Udo Quellmalz delivers his technical analysis of Day 3 of the Montreal Grand Prix.

Judo has been fantastic the whole weekend and once again today, for the third day in a row, the technical level was amazing. There were tremendous throws in the heavy weight categories, very spectacular and aerial and I think that everyone enjoyed it very much. I definitely did.

I am really pleased with the level of ne-waza that was on display throughout the weekend. For instance, World Champion Hamada Shori in -78kg, showed beautiful skills in ne-waza. Everyone knows that she is strong on the floor, everybody knows what she's gonna do, but still she won all her matches in ne-waza. Only in the final, she won with a superb uchi-mata. She was definitely above all her opponents today.

It's not possible to analyse a day like this, without talking about Teddy Riner and his comeback after such a long break. We were all expecting to see him again on the tatami. He's such an incredible champion. We were all expecting him to win, which he did, but that was not easy and he had to go very deep to find the necessary ressources to be on top of the podium in Montreal. I think that it's good for the sport, for him of course, but also for his opponents. That was especially difficult in the semi-final, as Lukas KRPALEK was very dangerous throughout the match and pushed Teddy to his limits. It was very exciting to watch and that is what we want to see. That is real sport.

It was interesting to see that Teddy was still not very accustomed with the judogi rule. For a few months now, every time there is a 'Mate', the competitors have to put back their judogi so during the next sequence, you can have a proper grip on your opponent's judogi. But as Riner did not compete over the past months, he didn't have the opportunity to really integrate that. During the day, several times he was struggling to put back his judogi. For sure next time, he will be totally ready.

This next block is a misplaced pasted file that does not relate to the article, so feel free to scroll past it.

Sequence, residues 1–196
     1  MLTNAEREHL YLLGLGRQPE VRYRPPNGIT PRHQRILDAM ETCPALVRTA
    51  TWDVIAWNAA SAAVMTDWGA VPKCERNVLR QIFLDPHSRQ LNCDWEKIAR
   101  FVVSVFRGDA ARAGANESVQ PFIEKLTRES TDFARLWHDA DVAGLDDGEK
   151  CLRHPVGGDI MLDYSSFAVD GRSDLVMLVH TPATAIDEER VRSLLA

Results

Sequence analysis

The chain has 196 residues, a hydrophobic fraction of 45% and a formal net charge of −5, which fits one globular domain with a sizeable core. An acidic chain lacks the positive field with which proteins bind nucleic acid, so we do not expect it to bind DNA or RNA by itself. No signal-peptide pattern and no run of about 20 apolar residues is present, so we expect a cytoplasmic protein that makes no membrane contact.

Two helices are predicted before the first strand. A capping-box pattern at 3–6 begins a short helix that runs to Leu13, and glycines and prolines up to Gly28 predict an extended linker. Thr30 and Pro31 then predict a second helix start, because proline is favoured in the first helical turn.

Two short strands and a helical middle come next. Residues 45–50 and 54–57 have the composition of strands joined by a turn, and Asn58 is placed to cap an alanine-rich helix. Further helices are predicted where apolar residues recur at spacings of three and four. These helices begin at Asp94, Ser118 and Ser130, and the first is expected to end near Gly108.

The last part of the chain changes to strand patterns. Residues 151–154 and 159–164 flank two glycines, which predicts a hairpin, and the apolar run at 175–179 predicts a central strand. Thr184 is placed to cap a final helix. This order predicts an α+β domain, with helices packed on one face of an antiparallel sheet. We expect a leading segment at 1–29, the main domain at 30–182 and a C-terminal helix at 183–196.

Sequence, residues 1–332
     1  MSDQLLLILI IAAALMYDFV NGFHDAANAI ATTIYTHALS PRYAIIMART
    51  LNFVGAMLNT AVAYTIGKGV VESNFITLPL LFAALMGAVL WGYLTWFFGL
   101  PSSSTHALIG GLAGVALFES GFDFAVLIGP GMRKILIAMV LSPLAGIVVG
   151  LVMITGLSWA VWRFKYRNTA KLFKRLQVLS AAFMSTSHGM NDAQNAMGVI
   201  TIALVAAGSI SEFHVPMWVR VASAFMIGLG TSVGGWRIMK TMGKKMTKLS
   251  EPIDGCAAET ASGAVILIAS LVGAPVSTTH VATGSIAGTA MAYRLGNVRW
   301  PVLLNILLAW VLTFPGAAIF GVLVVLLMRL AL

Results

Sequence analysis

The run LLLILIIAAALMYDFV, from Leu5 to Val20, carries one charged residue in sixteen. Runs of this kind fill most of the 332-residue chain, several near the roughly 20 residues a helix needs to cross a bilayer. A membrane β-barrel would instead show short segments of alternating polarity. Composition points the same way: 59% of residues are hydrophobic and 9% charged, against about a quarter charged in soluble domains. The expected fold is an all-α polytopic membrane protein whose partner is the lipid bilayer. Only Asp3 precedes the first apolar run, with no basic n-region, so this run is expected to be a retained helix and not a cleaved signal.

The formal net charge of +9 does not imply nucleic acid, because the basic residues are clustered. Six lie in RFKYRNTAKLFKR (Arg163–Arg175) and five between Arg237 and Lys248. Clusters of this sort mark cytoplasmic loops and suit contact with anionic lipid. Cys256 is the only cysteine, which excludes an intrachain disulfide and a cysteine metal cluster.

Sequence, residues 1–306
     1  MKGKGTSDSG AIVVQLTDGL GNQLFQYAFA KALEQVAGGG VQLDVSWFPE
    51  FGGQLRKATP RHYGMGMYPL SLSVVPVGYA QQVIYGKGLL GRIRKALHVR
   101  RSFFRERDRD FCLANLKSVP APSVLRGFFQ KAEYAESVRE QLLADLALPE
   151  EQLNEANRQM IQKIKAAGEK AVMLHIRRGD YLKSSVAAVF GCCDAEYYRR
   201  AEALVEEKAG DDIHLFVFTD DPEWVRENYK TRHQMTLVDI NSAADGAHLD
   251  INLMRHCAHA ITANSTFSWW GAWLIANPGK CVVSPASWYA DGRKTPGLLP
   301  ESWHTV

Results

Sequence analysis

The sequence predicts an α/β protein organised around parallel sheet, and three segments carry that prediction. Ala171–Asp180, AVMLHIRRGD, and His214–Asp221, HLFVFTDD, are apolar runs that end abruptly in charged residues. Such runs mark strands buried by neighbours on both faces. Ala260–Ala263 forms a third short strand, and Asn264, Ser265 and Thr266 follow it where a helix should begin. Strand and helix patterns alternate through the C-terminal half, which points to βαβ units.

I noticed that 14 out of 15 matches in the final block today concluded with a positive score. This shows the technical level of all the athletes who qualified for the final block. They have solutions, tactical and technical, but they all step on the tatami with the idea to score.

For me, after those three days, I am always amazed to see the respect that dominates the whole competition. Judo is really different from any other activity. No matter if you win or lose, you respect your opponent.

Udo Quellmalz is the 1996 Olympic Champion and 1991 and 1995 World Champion. He was performance director of the British team and coached in Austria and Qatar. He's now a member of the IJF supervision commission.

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